Sometimes our efforts to protect public health and environment face opposition and/or litigation. The Clean Power Plan is no different and was stayed by the Supreme Court until the litigation is resolved. However, it will see its day in court and EPA remains fully confident in its legal merits. The Plan rests on a strong legal and technical foundation and is consistent with Supreme Court decisions, EPA’s statutory authority, and air pollution standards that have been put in place to tackle other pollution problems.  While the courts review the plan, and during the stay, no state is required to comply with it. However, many states and tribes have indicated they plan to move forward voluntarily to reduce carbon pollution from power plants. They have asked the agency to continue to develop tools to support them in their voluntary efforts. We are doing just that.

As we look to the future, let’s take stock of what we’ve done—we ’ve taken action to cut carbon pollution from power plants,extended tax credits for renewable energy, enabled the production of a new generation of clean cars and trucks, reduced methane emissions from the oil and gas sector, fostered a global climate change agreement, and so much more. These actions are rooted in science, codified in our laws, and broadly supported by our citizens. And they will make a difference! I’m excited for what the future holds. At EPA we remain ready to take advantage of smart and effective opportunities to safeguard public health and the environment for this generation and those that follow.

Editor's Note: The views expressed here are intended to explain EPA policy. They do not change anyone's rights or obligations.

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A Reflection on the Gold King Mine Incident

By Mathy Stanislaus

Today, we are releasing a new publication, One Year After the Gold King Mine Incident: A Retrospective of EPA’s Efforts to Restore and Protect Communities. The report details our efforts — including the projects and groups we have funded — to protect the areas around the Gold King Mine (GKM) and prevent another spill like this from happening at other EPA work sites at mines across the country.

We continue to be accountable for the release, which occurred as a result of our work to investigate the mine. Since the accident, we have dedicated more than $29 million to respond to the release and to provide for continued monitoring in the area. Over the past year, we have remained committed to distilling important lessons from the incident, and are working on a more permanent solution to acid mine drainage in the Upper Animas Watershed. We have improved and tested stakeholder notification lists, instituted a headquarters review and state consultation process for all mine work plans prior to starting work at a site, provided grant assistance to foster collaboration and help support state and tribal water quality management programs,  and are developing a national report on best practices for hardrock mine remediation. We have worked with communities within the Bonita Peak Mining District area for many years on long-term solutions to address the estimated discharge of more than 5 million gallons per day of acidic mine influenced water to the Upper Animas River watershed. In April, we proposed a Superfund National Priorities Listing for the Bonita Peak Mining District (which includes Gold King Mine) and are working to finalize the listing this fall.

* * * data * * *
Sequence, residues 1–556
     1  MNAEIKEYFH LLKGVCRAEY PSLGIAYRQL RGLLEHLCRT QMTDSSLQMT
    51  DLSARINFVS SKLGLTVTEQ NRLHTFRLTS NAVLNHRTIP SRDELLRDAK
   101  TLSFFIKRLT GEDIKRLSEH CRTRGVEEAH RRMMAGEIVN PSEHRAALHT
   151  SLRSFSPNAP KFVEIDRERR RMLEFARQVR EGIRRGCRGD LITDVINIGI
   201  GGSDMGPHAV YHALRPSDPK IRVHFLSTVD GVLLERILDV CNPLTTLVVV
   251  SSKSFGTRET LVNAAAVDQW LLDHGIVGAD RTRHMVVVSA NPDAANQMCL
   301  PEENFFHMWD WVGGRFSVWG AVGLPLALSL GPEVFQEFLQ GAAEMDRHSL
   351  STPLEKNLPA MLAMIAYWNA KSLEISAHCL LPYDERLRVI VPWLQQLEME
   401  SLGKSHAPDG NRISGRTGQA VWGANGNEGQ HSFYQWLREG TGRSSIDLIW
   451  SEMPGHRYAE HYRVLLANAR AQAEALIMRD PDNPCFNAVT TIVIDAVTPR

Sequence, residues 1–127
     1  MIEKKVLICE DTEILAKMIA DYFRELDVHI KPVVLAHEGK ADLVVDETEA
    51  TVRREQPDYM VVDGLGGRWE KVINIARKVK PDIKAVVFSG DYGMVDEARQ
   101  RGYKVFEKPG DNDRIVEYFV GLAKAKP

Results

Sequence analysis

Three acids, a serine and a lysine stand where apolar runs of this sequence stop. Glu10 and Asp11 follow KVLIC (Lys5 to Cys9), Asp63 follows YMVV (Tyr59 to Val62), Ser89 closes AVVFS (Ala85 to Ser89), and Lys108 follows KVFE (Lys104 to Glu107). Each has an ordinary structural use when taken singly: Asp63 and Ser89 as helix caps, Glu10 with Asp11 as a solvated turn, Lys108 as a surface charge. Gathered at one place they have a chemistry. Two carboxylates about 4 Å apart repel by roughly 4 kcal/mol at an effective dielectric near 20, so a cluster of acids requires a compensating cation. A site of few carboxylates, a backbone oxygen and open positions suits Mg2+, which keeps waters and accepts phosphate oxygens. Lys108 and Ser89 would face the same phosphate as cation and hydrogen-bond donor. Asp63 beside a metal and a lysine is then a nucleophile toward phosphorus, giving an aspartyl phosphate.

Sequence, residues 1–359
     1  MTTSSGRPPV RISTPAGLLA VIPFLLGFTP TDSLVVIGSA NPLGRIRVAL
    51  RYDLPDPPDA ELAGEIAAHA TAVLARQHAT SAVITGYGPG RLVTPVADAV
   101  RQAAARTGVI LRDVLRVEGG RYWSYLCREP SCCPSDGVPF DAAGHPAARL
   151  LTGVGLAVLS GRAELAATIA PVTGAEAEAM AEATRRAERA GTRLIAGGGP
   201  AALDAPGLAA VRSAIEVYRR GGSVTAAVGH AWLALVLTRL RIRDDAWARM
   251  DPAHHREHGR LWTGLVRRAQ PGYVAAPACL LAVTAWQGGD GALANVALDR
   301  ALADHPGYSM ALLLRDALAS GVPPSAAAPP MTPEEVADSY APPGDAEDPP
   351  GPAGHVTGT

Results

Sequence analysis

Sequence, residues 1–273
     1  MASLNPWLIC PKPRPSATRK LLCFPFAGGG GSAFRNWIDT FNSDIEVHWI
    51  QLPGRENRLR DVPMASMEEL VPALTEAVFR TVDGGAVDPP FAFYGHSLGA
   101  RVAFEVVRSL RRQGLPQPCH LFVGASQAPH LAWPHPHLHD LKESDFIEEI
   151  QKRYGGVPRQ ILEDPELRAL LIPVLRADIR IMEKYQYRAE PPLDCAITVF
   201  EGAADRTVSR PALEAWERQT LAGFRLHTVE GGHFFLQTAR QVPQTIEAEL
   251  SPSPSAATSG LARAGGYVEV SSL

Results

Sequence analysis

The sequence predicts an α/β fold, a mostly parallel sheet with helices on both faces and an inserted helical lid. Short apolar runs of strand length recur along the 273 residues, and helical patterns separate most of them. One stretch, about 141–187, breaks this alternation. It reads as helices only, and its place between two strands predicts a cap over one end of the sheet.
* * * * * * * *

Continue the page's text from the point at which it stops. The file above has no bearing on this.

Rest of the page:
As Assistant Administrator for our Office of Land and Emergency Management, I can say that tackling the national environmental issue of abandoned mines is one of the toughest challenges we face. There are no overarching federal statutes or regulations for addressing the environmental contamination from abandoned hardrock mines. When requested by state or tribal partners, our Superfund program has been used to investigate and remediate abandoned mines that present a high risk to human and environmental health.  A 2015 Government Accountability Office report estimates that we spend anywhere from 7 to 52 times more at mining sites than at other types of Superfund sites.

Overall, the scale of this problem is striking. There are at least 161,000 abandoned hardrock mines in the western U.S. states and Alaska. Water draining from these types of mines and mine tailings are often highly acidic and release heavy metals such as zinc, lead, cadmium, copper and aluminum into the groundwater and surface waters the public relies on for drinking, agricultural irrigation and recreation.

The legacy of abandoned hardrock mines continues to be a source of complex challenges for our and the other federal and state agencies working to address this impact over the long-term. We thank all of our federal, tribal, state and local partners for their contributions to this first year of work following the GKM incident. We are strongly committed to working together to achieve long-term solutions to prevent future releases and protect our vital water resources. For more information, please visit: https://www.epa.gov/goldkingmine.

 

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A “Cool” Way to Combat Climate Change under the Montreal Protocol

By Administrator Gina McCarthy and U.S. Secretary of Energy Ernest Moniz

World climate leaders are meeting this week in Vienna for the next stage of international discussions about a global phase-down of climate-damaging hydrofluorocarbons (HFCs).

This meeting should lay the foundation for a 2016 amendment to the Montreal Protocol – a hugely successful global agreement that has put Earth’s fragile ozone layer on track to full restoration. A 2016 amendment would leverage the same proven mechanisms that helped fix the “ozone hole” to address another serious risk to the planet – HFCs.